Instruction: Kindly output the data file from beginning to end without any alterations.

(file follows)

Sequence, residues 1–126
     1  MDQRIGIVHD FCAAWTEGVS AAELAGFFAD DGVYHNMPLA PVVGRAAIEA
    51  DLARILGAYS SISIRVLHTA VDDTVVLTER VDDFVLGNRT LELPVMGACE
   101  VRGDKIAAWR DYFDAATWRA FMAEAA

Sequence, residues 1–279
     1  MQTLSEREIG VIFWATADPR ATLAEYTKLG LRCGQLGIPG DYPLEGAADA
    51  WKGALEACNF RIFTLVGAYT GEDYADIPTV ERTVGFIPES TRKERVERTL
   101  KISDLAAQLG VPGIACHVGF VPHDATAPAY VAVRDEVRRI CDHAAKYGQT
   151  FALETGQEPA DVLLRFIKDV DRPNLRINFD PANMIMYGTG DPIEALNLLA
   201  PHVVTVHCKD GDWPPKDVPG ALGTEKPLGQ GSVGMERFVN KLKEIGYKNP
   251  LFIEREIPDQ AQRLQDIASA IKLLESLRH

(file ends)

Sequence, residues 1–126
     1  MDQRIGIVHD FCAAWTEGVS AAELAGFFAD DGVYHNMPLA PVVGRAAIEA
    51  DLARILGAYS SISIRVLHTA VDDTVVLTER VDDFVLGNRT LELPVMGACE
   101  VRGDKIAAWR DYFDAATWRA FMAEAA

Sequence, residues 1–279
     1  MQTLSEREIG VIFWATADPR ATLAEYTKLG LRCGQLGIPG DYPLEGAADA
    51  WKGALEACNF RIFTLVGAYT GEDYADIPTV ERTVGFIPES TRKERVERTL
   101  KISDLAAQLG VPGIACHVGF VPHDATAPAY VAVRDEVRRI CDHAAKYGQT
   151  FALETGQEPA DVLLRFIKDV DRPNLRINFD PANMIMYGTG DPIEALNLLA
   201  PHVVTVHCKD GDWPPKDVPG ALGTEKPLGQ GSVGMERFVN KLKEIGYKNP
   251  LFIEREIPDQ AQRLQDIASA IKLLESLRH